Home Part of States Newsroom
Lake Charles lacks firefighters while union lawsuit seeks better pay


Lake Charles lacks firefighters while union lawsuit seeks better pay

Apr 20, 2024 | 6:00 am ET
By Natalie McLendon
Lake Charles lacks firefighters while union lawsuit seeks better pay
A fire engine is parked outside the Company No. 5 fire station in Lake Charles. (Natalie McLendon/Louisiana Illuminator)

LAKE CHARLES — Staffing at city fire stations is one-third below ideal levels, as a year-old lawsuit over inadequate pay lingers over the department’s efforts to recruit new firefighters. Officials say the safety of residents and businesses aren’t at risk, but firefighters at one station have been forced to relocate while their air-conditioning is not working.  

Jared Chandler, Firefighters Union 0561 liaison, told the Illuminator the optimal number of full-time employees for the department is 182 — a number that city Public Information Officer Katie Harrington confirmed. There are currently 37 LCFD job vacancies, with 34 of them in fire suppression, she said. 

“We are definitely lacking in personnel, as is shown by the number,” Chandler said.

Members of the Firefighters Union Local 561 say the inability to fill those jobs stems, in part, from a complicated compensation structure. The union filed a lawsuit March 3, 2023, in local state court claiming multiple instances when the city paid new firefighters more than those with higher ranks. 

The city implemented a new salary system in January 2023 that increased firefighter pay based on their position and years of service. However, the system doesn’t adhere to state law, according to the lawsuit.

Louisiana law requires firefighters receive 2% annual increases in pay after reaching three years of continuous service for up to 20 years. It also lists the minimum salary increases for specific firefighter ranks.

The lawsuit names Lake Charles Mayor Nic Hunter, City Administrator John Cardone Jr. and all City Council members as defendants. 

Assistant City Attorney Christopher E. John denied the allegations in his response to the union’s court complaint. Litigation is ongoing, and the next court date isn’t available on record.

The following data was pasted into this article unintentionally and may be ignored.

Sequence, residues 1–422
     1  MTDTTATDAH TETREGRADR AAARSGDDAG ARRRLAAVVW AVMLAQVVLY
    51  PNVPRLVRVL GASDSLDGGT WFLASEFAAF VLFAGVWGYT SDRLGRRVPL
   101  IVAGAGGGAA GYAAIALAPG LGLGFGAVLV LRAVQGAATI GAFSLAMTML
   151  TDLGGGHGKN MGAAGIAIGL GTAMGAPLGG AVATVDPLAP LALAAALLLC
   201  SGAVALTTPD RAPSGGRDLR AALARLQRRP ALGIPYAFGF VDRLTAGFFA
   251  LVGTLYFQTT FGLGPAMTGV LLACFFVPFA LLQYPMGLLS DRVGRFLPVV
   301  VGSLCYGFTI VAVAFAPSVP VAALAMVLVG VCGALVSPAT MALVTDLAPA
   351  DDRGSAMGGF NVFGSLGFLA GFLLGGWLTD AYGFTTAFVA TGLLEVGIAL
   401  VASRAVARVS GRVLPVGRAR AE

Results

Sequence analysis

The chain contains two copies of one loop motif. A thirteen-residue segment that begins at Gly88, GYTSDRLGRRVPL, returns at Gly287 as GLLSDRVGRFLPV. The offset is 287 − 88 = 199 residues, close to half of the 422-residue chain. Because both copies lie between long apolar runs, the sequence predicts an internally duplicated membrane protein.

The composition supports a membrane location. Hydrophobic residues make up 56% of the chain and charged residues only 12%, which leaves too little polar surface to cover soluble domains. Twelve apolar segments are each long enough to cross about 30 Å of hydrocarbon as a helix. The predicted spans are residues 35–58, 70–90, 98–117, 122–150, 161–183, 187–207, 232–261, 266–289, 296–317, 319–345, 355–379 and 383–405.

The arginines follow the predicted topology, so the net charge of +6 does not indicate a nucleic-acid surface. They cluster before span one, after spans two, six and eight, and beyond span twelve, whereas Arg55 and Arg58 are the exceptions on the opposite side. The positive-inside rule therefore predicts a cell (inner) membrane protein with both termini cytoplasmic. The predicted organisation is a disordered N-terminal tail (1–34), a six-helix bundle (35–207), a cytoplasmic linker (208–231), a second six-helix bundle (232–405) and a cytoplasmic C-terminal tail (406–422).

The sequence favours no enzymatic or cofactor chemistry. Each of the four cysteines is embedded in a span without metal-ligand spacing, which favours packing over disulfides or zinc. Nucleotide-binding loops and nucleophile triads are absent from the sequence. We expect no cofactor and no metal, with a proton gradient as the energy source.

The union’s requests include that the city adopt an equitable pay schedule for firefighters that “maintain(s) the minimum salary differential between ranks,” including 2% annual increases mandated by law. They also ask for an end to lump sum payments and compensation owed for back pay and pension payments.

Lake Charles firefighters have been outspoken before about being paid commensurate with their duties and experience. Their union staged a days-long picket line in front of City Hall in July 2022 over wages as low as $11.17 per hour. By December that year, the City Council had adopted a new pay matrix and amended it in January this year.

Public records the Illuminator obtained indicate that, as of January, the annual salary for an entry-level Lake Charles firefighter is $33,503, or $11.51 per hour for an average 56-hour workweek. The city also pays $600 monthly supplemental pay for all new firefighters during their first year of service. Upon completing the first year, the state pays the $600 monthly supplement.

Lake Charles is actually on par with pay for entry-level firefighters in Baton Rouge, who make a little over $33,200 per year for a 56-hour workweek in a city with nearly three times the population and twice the land area.  

Kenner, which has about 15,000 fewer people than Lake Charles and only a third of the area, pays its firefighters a starting salary of $22,287 for 40 work hours per week, with an hourly wage of less than $9.00. Kenner has faced a similar lawsuit from its firefighters over their compensation.

The fire recruit classification for the New Orleans Fire Department has a starting base salary of $40,896. 

Fire Chief Delton “DC” Carter says the department currently employs 123, not including support staff, and that the department can always use more personnel.